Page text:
Before pupils committed pen to paper to simplify the following surds I asked these questions which pupils answered by raising their hands.

“How can I rewrite √98  as a calculation where I am multiplying a rational number and a non-rational number, the rational number is a square number being square rooted?”

√98 = √49 x √2

“How can I rewrite √242  as a calculation where I am multiplying a rational number and a non-rational number, the rational number is a square number being square rooted?”

√242 = √121 x √2

I demonstrated a complete worked example of evaluating a surd and then I rephrased my questions:

“How can I rewrite  √48 as a calculation where I have an integer and a non rational number? Say Step 1 then Step 2”

Step 1:   √48 = √16 x √3

Step 2: √48 = 4√3

“Why is the integer 4?”

One pupil responded, “because the square root of 16 is 4, Miss.”

Twenty questions later and we were moving on. These were the questions pupils were asked to complete to check they were able to simplify the following surds into the form k√a where k is an integer.



After the exercise, I mentioned that we had previously learnt that when we square root a positive number we get a positive  solution, for example √9 is equal to 3. We have also learnt that when finding the solutions of  x2 = 9 then we have two solutions -3 and 3. I then posed the question: “Is there a number which I can square where I get a negative answer? If you think so, then on your mini whiteboard have an attempt, and if you think it is not possible then write it down your thoughts in your exercise book.”

Some pupils were determined to find a number that they could square to get a negative result. Some pupils were already light years ahead with an explanation.

In my next post, I shall explain how I introduced the idea of imaginary numbers and structured my teaching in order to enable pupils to solve the two equations outlined at the start using the pre-requisite knowledge showed here. There will be a video and some pictures of pupils’ work too.

Thoughts from #Mathsconf7: Adding and subtracting unlike fractions: generalising and investigating different problem types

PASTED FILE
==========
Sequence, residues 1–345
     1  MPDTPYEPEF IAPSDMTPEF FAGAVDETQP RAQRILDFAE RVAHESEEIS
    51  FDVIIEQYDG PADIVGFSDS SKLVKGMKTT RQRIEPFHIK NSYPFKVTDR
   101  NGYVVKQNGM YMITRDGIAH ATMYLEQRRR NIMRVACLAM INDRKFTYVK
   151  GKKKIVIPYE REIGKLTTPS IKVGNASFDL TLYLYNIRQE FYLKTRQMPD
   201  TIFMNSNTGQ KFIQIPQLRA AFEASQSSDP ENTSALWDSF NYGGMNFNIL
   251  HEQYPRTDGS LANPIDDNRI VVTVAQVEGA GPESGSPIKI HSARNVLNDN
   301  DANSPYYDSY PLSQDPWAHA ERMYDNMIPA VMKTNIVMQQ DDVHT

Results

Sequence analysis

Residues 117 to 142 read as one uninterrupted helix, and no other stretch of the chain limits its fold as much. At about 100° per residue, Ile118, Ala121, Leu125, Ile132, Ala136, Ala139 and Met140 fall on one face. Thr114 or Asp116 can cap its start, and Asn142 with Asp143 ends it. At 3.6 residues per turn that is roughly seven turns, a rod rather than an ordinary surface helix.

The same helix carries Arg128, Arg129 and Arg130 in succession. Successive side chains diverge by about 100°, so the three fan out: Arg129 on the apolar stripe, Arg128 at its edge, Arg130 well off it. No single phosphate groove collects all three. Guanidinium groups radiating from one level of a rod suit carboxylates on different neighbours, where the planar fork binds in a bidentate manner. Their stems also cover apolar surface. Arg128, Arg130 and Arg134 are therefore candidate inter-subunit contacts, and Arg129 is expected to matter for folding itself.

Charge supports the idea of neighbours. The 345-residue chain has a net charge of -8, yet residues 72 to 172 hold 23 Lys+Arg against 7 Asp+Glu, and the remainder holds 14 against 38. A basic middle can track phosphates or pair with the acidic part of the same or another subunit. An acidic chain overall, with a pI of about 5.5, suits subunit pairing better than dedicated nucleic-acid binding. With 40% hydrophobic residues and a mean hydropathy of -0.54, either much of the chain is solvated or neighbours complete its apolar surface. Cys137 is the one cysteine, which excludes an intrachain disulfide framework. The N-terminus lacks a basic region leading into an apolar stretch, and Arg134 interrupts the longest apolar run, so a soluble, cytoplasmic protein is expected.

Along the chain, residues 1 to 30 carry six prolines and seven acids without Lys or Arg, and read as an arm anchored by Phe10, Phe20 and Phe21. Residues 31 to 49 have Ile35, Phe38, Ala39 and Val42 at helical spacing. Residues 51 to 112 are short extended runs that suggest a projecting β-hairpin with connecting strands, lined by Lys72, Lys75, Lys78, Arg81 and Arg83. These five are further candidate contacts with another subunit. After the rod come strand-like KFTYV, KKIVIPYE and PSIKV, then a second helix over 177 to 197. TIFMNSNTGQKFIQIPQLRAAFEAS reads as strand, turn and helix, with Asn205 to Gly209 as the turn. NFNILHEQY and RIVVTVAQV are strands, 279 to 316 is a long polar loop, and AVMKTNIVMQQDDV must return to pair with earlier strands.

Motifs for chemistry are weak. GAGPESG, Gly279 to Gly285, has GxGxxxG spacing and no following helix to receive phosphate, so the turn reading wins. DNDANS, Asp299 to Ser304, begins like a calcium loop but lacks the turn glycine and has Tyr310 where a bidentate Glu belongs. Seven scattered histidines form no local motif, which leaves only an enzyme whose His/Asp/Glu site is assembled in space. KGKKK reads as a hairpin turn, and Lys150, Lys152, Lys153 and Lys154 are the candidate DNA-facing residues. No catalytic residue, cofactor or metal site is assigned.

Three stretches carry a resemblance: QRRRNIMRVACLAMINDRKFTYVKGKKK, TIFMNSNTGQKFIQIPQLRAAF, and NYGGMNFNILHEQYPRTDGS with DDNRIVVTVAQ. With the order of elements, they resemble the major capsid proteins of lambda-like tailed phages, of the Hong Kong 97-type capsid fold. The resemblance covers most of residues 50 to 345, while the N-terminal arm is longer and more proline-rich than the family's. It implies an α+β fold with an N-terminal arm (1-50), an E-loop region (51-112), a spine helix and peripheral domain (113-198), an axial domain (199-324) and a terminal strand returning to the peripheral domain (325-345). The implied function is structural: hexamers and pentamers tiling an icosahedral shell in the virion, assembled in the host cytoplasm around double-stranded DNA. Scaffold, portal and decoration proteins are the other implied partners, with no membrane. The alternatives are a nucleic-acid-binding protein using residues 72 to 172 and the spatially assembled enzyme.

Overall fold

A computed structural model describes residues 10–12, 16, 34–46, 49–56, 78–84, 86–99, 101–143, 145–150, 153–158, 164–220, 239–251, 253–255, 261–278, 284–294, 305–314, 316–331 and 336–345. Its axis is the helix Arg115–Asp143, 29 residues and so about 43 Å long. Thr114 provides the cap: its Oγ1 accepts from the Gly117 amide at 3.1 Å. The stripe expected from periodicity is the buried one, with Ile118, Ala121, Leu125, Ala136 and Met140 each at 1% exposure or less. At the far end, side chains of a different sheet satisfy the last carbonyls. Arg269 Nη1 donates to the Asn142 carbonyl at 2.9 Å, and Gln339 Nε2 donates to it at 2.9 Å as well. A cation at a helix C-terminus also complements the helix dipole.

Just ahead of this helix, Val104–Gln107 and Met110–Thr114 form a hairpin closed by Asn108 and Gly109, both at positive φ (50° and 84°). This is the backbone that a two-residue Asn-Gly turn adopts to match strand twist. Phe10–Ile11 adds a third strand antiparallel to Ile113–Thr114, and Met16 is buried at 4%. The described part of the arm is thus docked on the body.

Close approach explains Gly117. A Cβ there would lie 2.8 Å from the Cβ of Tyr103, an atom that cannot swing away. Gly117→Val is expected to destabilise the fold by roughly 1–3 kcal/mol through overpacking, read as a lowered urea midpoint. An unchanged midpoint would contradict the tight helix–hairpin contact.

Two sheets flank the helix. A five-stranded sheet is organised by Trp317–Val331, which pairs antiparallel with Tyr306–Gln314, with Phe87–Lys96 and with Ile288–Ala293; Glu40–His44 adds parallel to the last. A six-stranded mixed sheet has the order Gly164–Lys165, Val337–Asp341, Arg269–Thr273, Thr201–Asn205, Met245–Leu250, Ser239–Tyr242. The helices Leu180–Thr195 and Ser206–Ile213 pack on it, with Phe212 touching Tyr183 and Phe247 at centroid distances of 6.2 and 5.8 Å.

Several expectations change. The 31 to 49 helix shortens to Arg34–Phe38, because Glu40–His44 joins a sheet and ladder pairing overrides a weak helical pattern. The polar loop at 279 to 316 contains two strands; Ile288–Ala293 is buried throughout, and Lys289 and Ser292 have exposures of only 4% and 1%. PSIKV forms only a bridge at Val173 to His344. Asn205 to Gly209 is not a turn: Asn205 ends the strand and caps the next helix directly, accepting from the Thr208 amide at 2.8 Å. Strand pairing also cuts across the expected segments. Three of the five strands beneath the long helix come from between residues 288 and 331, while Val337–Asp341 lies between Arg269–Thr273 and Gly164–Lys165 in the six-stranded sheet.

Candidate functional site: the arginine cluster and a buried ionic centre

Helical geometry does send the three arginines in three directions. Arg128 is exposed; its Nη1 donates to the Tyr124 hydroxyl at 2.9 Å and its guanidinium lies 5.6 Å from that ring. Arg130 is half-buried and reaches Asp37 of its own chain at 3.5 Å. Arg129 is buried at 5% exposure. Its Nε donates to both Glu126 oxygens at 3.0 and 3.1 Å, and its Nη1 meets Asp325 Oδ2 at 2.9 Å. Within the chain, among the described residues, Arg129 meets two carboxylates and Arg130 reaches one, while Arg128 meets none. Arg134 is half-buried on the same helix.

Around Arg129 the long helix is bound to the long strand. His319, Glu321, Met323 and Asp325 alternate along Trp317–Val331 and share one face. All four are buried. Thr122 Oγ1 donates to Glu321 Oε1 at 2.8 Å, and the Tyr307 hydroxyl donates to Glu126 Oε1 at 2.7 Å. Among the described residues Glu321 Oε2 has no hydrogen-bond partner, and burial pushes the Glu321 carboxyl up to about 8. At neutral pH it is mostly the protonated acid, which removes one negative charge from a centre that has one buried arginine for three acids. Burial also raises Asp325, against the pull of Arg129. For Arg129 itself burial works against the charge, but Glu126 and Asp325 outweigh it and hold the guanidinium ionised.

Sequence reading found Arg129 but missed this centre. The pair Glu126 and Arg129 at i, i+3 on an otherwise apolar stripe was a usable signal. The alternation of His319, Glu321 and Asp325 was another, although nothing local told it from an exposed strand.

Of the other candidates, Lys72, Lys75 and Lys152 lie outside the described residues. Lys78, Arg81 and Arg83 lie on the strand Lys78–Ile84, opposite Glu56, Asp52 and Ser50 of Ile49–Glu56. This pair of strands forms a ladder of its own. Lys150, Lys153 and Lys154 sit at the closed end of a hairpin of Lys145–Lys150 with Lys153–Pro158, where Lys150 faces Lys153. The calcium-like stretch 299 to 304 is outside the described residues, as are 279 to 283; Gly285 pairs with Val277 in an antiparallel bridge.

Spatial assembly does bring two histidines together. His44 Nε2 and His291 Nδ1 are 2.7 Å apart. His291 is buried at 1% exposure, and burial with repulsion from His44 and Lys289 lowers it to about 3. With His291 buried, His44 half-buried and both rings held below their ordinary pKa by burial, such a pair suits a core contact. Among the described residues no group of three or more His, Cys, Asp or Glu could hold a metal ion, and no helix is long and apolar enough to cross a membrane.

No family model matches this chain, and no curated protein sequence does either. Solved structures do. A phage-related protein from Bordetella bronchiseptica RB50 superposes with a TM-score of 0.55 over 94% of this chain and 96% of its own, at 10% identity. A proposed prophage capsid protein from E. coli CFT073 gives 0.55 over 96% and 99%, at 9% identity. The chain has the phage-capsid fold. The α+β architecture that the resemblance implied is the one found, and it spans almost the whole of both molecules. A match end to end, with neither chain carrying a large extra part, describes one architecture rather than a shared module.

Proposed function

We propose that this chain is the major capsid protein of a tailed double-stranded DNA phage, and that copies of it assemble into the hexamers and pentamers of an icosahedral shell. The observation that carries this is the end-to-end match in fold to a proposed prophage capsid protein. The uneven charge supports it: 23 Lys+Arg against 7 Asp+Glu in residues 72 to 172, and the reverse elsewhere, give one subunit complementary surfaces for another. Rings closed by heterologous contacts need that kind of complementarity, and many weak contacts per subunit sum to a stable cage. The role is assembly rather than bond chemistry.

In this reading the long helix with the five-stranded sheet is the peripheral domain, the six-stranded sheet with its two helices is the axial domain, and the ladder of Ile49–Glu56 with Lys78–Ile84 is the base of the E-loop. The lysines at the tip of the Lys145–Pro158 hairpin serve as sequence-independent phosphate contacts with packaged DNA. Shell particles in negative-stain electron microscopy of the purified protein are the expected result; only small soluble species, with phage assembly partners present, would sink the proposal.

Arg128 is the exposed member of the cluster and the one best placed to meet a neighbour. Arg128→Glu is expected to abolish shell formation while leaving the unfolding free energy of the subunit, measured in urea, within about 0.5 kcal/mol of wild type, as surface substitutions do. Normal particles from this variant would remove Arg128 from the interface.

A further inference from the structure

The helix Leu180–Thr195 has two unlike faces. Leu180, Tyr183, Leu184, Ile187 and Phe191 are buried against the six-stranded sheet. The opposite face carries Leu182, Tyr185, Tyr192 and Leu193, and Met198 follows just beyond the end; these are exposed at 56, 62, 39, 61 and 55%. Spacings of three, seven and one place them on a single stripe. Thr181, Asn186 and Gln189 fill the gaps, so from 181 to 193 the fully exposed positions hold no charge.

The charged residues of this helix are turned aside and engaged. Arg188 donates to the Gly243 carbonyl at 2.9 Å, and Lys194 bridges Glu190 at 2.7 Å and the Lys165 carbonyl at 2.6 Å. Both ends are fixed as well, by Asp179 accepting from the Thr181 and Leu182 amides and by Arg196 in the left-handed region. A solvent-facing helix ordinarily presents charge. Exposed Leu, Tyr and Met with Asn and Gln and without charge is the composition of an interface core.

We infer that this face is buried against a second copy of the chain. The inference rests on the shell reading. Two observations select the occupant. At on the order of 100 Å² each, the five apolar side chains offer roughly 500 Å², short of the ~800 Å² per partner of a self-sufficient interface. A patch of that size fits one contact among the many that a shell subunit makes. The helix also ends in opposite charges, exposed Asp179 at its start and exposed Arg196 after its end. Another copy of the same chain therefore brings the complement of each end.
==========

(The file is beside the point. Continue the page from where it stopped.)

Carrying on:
When are teachers to generalise a procedural calculation to apply to all problem types? When are teachers to display all the different problem types for a particular generalised procedure? I always jump between generalising and displaying different problem types, including not stating that one technique is better than the other but stating that in some instances one technique can be prioritised over the other.

In Maths there are many generalised procedural calculations which are true for all problem types of a concept. For example, listing a step by step process for pupils to follow which exists for all problem types regardless as to whether the problems include integers, decimals, percentages, numbers in index notation and square roots etc. in the problem type. We can try to create all the possible visual forms of a problem type, where generalising a procedure is a great teaching technique because it allows pupils to demonstrate efficiently their understanding by outlining the algorithm between the problem and the solution – step by step.

Here is an example of generalising the step by step method in order to add fractions with unlike denominators:

  1. Find the lowest common denominator.
  2. Form the equivalent fractions.
  3. Add/subtract the numerators.

This generalised algorithm is also applicable in instances of adding or subtracting like fractions; but pupils already have the lowest common denominator, and the fractions being added or subtracted are in their equivalent form, and so only step 3 is applicable. However, adding like and unlike fractions are seen as two distinct procedures, when a question with like fractions is a similar problem type to where step 1 and 2 are already completed.

A generalised procedure to adding and subtracting fractions is applicable for the following problem types where we have improper fractions, mixed numbers and a mixture of the two, or with calculations using more than three terms. Even through each example looks visually different, distinct and more or less challenging than the other, the generalised procedure is applicable.